Few repairs involve the bowl, with a few exceptions. On the other hand, the tank is where two essential valves exist and the handle for flushing. The tank is where most of the toilet repairs happen.


You will be surprised to learn that most issues are reasonably easy to fix without the need to call an emergency plumber.

Running Toilet Repair Service:

If you’ve tried a new flapper for a running toilet and it still runs, do not give up hope. Here’s a solution that ensures it works.


Few home nuisances are somewhat as irritating as the noise of continuously running water. If you hear filling up frequently, or if you hear the constant hiss of running water, the flapper in the unit might be leaking.


The flapper (also known as the “flush valve seal”) is the plug that falls against the drainpipe opening (flush valve drainpipe seat) on the bottom of the tank. It holds water till the next time you flush. When flappers or flush valve seats wear, water leaks out, making the valve to open and refill the tank.

Replace the Flapper-toilet repair

Step 1: Changing Flapper:

First, remove the old flapper and bring it with you to the hardware shop or home center to find a similar one.


Note: Occasionally, a new flapper does not fix the problem. If you have tried changing the flapper, but it still runs, the flush valve seat is probably rough or pitted.


You can replace the complete flush flapper valve; nonetheless, it is not an easy job, and it might need the experience of a plumber near Tampa, Florida.

Step 2: Flapper Set with Flush Seat Repairing:

If changing the flapper alone failed to work, look for a flapper set with a flush seat repair.


Note: You want to buy a Flush valve repair set. The set has a flapper and matching seat that you stick to the broken seat with the adhesive provided.


  • First, shut the water to the toilet.
  • Hold the flapper open while flushing to allow the remaining water to drain from the tank.
  • Make use of a sponge to wipe out the water that stays entirely.
  • Follow the included directions to set up the brand-new flapper valve seat. 
    • Pro tip: If the unit uses 3.5 gallons or less of water per flush, you will need a set that includes a plastic cup to change the flapper’s time to stay open. If your unit utilizes more than this, eliminate the timing cup.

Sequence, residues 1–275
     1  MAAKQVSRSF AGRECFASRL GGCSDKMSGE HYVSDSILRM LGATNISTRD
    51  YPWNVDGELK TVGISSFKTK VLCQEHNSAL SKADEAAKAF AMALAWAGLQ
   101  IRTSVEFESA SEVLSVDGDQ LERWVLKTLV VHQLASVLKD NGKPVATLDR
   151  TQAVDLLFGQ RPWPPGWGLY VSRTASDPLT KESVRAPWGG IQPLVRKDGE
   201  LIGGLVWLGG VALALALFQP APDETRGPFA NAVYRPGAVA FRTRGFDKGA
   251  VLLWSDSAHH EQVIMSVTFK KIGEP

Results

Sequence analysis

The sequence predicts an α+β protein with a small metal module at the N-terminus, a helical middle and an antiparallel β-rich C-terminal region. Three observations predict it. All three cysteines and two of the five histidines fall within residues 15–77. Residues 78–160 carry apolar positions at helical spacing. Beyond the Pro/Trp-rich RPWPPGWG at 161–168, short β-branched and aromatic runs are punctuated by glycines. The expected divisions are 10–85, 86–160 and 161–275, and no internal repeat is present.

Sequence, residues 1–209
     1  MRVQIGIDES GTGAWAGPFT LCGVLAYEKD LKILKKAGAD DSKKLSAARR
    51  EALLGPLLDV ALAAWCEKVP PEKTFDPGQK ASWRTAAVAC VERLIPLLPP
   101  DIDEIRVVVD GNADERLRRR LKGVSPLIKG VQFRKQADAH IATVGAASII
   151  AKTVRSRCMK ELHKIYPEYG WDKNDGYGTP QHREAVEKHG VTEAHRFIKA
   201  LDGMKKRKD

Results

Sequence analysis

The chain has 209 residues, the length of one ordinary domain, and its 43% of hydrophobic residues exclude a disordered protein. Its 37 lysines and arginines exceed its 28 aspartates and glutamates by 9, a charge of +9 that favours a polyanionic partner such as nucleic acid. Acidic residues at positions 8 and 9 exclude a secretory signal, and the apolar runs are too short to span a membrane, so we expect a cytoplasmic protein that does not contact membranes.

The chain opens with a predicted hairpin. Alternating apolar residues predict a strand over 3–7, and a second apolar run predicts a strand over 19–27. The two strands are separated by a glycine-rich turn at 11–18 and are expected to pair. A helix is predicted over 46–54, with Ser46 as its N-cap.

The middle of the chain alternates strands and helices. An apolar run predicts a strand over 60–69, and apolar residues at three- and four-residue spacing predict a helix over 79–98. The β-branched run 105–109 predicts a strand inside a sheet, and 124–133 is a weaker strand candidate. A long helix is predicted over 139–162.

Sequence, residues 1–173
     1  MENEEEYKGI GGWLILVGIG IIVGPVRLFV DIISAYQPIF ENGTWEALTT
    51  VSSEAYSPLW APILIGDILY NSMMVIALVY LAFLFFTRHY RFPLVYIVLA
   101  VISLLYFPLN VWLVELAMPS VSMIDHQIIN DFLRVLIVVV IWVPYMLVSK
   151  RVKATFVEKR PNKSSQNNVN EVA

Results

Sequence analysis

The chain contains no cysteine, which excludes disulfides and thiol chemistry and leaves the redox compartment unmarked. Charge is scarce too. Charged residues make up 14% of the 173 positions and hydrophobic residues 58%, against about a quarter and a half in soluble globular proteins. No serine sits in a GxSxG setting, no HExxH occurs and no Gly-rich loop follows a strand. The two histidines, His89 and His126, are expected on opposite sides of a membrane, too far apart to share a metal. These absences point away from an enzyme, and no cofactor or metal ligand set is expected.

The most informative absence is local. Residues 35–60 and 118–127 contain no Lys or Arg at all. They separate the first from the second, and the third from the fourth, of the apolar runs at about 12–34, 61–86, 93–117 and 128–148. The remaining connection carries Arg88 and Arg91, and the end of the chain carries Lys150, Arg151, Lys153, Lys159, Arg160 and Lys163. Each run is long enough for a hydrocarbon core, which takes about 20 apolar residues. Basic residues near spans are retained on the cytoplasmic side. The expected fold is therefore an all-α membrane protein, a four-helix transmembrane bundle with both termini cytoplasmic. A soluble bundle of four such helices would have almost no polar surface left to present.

Install the brand-new flapper.
  • With the flapper down, adjust the chain length, so it’s somewhat relaxed.
  • Turn on the water to check the flush.


Note: You may have to fiddle with the chain length-size to get the flapper functioning correctly.


When finished, remove the excess chain to keep it from getting stuck under the flapper.

Toilet Repair Services: Broken Handle

If wiggling the handle does not stop your toilet from running, any of these easy fixes probably will.


The handle is a primary device– just a few things can malfunction and need to be repaired. The solution is easier than you think.


Step 1: Loose Handle:

If the handle is loose, the installation of a new one is fairly easy. Tighten up the nut and washer inside the tank with a set of pliers without over-tighten it; you might strip the threads or, even worse, damage the porcelain tank.


If the handle sticks in the down flush position, it may not be installed correctly. Loosen the nut washer, reposition the handle to align with the top of the tank, and re-tighten the nut.


Step 2: Stripped Threads:

If the nut does not tighten up or keeps coming loose, it’s a sign that the nut threads are stripped. For a quick fix, wrap the threads on the handle screw with “plumber’s tape” or electrical tape.


Then, slip the washer and nut back on and tighten up the nut. It is often best to replace the handle with a brand-new one if the threads are too damaged or broken.


Step 3: Handle Arm:

  • Look into the handle arm for problems, splits, or breaks.
  • If there are problems, replace the entire handle and the arm assembly.
    • Pro tip: Remember where your handle mounts on the tank before purchasing a replacement handle. There are numerous kinds: front position left, front position right, front position universal, and side position.

Step 4: The Chain:

Suppose the handle appears to be running correctly, yet the toilet still does not flush. In that case, the chain attaching the handle arm to the flapper could be detached or damaged.